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A lot of ideas go to Kickstarter in hopes of getting needed funding. Many die but a lot of good ideas are successful and become products. If you’ve missed the initial wave of a Kickstarter project, you can still be an early adopter by grabbing a product off of Outgrow.me. Outgrow.me is a marketplace for many of the Kickstarter projects that were successful. So instead of waiting six months to see if a product idea will get funding and then another few months for fulfillment, you can jump on the bandwagon once it’s all smoothed out. Some of my favorites include:
Keylet: A metal wallet that holds a key like a Swiss Army Knife
Cap Buckle: A means of ensuring you don’t lose your camera’s lens cap
Weerol: An adjustable wooden toy
Creatures: The craziest looking card game I’ve ever seen
Stick-N-find: A way to use your smartphone to find lost stuff (except lost smartphones)
This is the week where Apple makes its big product and software announcements. As usual, I’m sure there will be a mix of surprises, disappointments, and big changes that will generate a buzz on the internet. One interesting thing I saw leaked this morning was that Apple will stop giving away printers with new computer purchases. Instead, it is rumored they will give away content in the form of iTunes gift cards.
I realize that this seems like a very subtle change on the surface, but it may be remembered as one of the first things that signaled the death of home printing. Many things have gone either ticketless (airlines) or paperless/scanable (events). Our mobile devices keep our correspondence, directions, coupons, etc. when we’re away from home so we don’t need to print those things out anymore. Documents are largely shared via e-mail or other cloud sources. Reading/notes are quickly moving to screens.
Beyond the scanning capabilities, is the home printer moving from necessity to relic?
For the past few years we’ve been hit with stories that the watch is fading away, that younger generations have given up wearing a watch thanks to their smart phones. Well, two recent products are showing signs that the watch might be making a comeback. These watches aren’t so much fashion plates but more akin to Dick Tracy’s Two-Way Wrist Radio.
The Sony SmartWatch is out and links to Sony Android phones (and some others) while on Kickstarter, an E-Paper Watch called the Pebble didn’t just raise the $100,000 it was seeking, it raised over $10 million.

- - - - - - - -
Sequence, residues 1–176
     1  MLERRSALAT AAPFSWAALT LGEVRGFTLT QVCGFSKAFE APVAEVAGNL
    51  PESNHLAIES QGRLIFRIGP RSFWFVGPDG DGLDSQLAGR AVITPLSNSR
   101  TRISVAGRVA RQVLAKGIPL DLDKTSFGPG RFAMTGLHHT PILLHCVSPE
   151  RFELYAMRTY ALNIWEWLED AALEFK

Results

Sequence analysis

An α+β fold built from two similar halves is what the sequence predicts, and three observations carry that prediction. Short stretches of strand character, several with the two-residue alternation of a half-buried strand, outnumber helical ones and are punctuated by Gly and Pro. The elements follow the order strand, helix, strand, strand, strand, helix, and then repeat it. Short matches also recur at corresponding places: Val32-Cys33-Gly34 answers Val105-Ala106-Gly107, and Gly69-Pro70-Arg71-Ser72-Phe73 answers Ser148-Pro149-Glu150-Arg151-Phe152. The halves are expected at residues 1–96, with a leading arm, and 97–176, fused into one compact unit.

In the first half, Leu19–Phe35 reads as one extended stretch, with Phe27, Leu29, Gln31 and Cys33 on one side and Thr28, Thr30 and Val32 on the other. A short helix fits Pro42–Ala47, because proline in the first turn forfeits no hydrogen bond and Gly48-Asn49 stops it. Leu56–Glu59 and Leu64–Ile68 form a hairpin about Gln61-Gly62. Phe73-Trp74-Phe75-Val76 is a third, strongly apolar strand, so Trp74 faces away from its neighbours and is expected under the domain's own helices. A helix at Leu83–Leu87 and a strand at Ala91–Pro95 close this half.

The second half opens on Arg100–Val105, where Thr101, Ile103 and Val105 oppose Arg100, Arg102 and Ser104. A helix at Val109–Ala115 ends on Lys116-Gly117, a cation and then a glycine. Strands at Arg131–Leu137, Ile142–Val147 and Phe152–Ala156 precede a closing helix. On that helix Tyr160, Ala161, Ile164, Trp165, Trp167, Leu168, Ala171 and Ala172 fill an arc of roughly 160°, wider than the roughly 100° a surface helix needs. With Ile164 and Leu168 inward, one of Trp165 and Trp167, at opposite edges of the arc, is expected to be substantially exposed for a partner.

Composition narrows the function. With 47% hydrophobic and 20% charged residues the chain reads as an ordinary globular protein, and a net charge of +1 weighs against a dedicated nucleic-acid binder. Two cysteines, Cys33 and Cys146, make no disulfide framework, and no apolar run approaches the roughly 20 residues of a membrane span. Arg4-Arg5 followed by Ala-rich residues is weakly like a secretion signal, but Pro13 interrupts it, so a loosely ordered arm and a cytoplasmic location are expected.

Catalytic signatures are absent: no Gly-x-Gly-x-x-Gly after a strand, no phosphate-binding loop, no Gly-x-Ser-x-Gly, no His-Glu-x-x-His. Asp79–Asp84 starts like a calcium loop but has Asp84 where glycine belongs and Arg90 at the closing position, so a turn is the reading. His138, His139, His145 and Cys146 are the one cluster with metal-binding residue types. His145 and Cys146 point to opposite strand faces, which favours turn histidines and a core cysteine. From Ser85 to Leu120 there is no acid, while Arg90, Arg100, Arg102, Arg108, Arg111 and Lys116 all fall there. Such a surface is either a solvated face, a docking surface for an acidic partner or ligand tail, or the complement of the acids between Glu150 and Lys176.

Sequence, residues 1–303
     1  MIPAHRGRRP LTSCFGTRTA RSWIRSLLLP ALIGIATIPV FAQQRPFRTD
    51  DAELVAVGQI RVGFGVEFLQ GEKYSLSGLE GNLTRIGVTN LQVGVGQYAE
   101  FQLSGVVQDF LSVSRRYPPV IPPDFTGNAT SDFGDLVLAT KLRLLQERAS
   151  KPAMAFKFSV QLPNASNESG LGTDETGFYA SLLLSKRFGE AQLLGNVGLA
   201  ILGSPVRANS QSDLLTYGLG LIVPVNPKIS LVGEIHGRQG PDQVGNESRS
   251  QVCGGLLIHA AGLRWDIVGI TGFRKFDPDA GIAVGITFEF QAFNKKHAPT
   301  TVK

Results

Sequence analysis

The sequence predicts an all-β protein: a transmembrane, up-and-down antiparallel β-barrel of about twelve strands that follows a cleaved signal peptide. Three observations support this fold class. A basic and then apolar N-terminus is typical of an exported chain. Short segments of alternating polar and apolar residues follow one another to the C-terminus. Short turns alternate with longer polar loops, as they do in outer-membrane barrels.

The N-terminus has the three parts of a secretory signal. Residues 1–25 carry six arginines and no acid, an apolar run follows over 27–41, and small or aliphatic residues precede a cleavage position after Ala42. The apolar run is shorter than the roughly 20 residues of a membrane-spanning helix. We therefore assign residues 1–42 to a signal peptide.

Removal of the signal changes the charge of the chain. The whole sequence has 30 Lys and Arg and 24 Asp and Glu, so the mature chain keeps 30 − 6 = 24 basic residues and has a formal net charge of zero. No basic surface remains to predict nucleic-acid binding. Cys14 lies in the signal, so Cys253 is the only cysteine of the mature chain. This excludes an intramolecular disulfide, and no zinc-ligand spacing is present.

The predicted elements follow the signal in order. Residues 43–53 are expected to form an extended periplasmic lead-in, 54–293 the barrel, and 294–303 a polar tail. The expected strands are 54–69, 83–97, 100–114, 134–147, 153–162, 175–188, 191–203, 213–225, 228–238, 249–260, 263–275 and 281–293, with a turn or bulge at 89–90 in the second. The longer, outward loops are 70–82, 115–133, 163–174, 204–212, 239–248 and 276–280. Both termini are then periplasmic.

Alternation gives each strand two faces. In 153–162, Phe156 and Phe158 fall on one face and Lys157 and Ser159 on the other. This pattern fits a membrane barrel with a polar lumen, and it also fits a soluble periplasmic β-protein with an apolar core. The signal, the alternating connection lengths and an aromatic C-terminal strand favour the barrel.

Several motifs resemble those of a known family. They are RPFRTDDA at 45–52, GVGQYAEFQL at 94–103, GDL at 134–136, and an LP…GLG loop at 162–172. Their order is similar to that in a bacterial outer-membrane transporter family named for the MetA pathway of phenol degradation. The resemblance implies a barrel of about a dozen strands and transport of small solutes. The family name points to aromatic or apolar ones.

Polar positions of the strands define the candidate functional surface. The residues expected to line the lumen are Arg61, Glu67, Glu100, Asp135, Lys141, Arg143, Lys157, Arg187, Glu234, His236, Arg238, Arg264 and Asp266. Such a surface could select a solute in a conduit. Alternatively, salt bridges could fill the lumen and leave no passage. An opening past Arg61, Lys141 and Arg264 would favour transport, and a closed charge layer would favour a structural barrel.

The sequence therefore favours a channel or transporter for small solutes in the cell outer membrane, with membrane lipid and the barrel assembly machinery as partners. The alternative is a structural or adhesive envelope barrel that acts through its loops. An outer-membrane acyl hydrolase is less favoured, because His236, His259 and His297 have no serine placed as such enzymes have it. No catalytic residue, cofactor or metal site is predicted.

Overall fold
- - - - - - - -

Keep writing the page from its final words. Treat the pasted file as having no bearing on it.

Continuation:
While we’re being inundated with the idea that Smart devices will be everywhere shortly, the idea of adding functionality to the watch (and a new notification screen to the phone) seems like an actual innovation we should have seen long ago. It will be interesting to see how many other seemingly mundane devices will follow.
It might not be the flying cars we’ve been promised since forever, but Google is working on augmented reality. What’s that you ask? Watch the video below and you’ll see. It’s takes the functionality of your mobile phone and puts it into a seamless heads up display you use while walking around town. Philip K Dick might recognize this future…
One thing twitter has given us this week is a wealth of complaints about the gifts people received. I didn’t realize that so many people were so upset they didn’t get an iPhone or a car for Christmas. I wonder how their expletive-laden tweets would have sounded if they got the original iPhone prototype found here.
Yes, that looks like a Princess phone and an early computer had a baby.
Happy New Year!
For those of you who haven’t started yet (I know one or two) time is running out. But for those who have been doing their Christmas shopping this year, it turns out that online shopping continues to grow (15% over last year according to the New York Times). What is interesting is that more people are using mobile phones in the shopping process, though appears they largely browse via these devices and make the actual purchases on a tablet or traditional PC/laptop.
It will be interesting to see how mobile phone shopping and purchasing evolves. In the early days on online banking (just about 15 years ago), consumers were willing to review information on their laptops but felt the desktop was much more suitable to make actual transactions. Back then they indicated they felt that desktop computers were more secure and they’d be less error-prone when entering numbers or commands. It may be that as consumers get more and more used to employing smaller mobile screens in the shopping process, increased transaction numbers will follow.
Who knows, maybe in a few years we’ll see an easy return the Christmas presents you don’t want app.